The Multilateral Investment Fund is turning Latin American governments' agendas into action to improve financial literacy among youth.
Poor financial literacy is the major economic obstacle to young people's success, Miguel Angel Carreon of the National Youth Institute of Mexico told the Global Youth Economic Opportunities Conference last month. The Multilateral Investment Fund's "Give Youth a Chance: An Agenda for Action," a retrospective report presented at the conference, looked back at the group's 18 years of financial literacy experience in Latin America. Past challenges informed key components of the new strategy, including tailoring programs at a much more local level and developing youth skills trainings based directly on in-demand jobs.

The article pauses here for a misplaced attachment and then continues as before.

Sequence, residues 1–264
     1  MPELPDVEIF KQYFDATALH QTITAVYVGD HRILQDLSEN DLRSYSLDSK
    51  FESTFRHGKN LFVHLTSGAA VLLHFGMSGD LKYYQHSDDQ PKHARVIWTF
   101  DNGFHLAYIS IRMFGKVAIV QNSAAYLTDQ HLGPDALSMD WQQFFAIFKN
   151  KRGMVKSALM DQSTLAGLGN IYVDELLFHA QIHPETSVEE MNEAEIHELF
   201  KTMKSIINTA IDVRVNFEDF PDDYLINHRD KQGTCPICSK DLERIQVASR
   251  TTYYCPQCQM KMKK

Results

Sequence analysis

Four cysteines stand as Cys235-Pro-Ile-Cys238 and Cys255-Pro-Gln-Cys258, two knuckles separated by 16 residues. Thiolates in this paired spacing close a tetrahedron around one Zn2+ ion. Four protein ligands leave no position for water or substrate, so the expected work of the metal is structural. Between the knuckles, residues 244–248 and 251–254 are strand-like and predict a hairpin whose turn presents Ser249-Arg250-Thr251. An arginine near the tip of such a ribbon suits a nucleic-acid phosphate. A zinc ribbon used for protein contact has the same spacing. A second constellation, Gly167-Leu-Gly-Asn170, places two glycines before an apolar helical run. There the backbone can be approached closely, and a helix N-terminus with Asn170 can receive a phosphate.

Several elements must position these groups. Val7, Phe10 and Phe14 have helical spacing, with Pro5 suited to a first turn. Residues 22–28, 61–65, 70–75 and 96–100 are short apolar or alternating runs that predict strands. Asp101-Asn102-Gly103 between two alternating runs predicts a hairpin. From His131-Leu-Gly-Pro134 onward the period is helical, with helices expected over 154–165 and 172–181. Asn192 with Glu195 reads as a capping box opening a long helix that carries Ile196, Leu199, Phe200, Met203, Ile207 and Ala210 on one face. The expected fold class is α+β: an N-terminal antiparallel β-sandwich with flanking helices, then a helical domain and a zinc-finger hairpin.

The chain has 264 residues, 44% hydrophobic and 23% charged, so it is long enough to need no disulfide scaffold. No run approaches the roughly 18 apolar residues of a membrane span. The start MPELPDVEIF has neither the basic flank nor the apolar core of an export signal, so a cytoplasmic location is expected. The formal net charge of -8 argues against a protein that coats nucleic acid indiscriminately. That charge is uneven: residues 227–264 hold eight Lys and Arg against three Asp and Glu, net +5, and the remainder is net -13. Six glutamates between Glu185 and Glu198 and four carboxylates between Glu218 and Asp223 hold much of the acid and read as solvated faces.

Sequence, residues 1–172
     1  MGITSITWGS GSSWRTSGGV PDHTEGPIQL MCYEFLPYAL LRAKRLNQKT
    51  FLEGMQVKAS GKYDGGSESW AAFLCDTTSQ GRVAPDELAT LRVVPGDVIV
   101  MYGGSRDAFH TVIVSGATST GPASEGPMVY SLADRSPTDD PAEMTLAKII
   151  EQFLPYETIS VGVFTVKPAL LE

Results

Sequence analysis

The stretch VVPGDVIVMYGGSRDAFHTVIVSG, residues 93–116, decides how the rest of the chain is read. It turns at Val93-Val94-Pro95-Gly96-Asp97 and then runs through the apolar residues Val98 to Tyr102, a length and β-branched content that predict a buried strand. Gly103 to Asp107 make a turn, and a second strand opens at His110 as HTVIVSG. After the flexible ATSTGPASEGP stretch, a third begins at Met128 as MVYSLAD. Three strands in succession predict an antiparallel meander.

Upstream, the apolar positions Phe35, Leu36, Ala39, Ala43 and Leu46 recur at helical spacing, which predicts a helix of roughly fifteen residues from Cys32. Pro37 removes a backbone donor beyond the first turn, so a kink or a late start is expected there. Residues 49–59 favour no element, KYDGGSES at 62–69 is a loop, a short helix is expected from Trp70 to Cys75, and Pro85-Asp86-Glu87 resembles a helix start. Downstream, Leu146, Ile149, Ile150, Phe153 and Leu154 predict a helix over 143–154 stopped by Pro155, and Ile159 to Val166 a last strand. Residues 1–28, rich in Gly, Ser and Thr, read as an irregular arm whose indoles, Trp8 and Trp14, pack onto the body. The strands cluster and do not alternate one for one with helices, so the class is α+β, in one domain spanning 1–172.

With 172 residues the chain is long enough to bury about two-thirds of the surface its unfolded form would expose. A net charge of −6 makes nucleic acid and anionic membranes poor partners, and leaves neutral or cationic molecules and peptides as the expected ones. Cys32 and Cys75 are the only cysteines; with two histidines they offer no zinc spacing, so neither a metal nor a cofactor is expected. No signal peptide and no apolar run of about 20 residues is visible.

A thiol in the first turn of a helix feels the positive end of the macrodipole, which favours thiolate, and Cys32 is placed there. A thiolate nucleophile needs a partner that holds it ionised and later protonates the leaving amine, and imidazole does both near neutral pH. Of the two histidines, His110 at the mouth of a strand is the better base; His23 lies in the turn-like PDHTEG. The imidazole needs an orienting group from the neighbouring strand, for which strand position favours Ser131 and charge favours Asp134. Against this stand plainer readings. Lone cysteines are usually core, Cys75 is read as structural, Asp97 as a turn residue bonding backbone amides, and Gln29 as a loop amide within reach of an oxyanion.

A number of programs funded by the MIF have shown a potential for replication, like in Rio de Janeiro where the Galpão Aplauso program is working on developing workplace skills using the performing arts in favelas. The program's goal is to transform "disaffected social beneficiaries into active members of society accepted by the labor market." Initial results have been positive, especially for the most at-risk youth entering the job market.
The MIF hopes their new, tailored models will reverse the trends of financial literacy and get youth, dancing or otherwise, into jobs.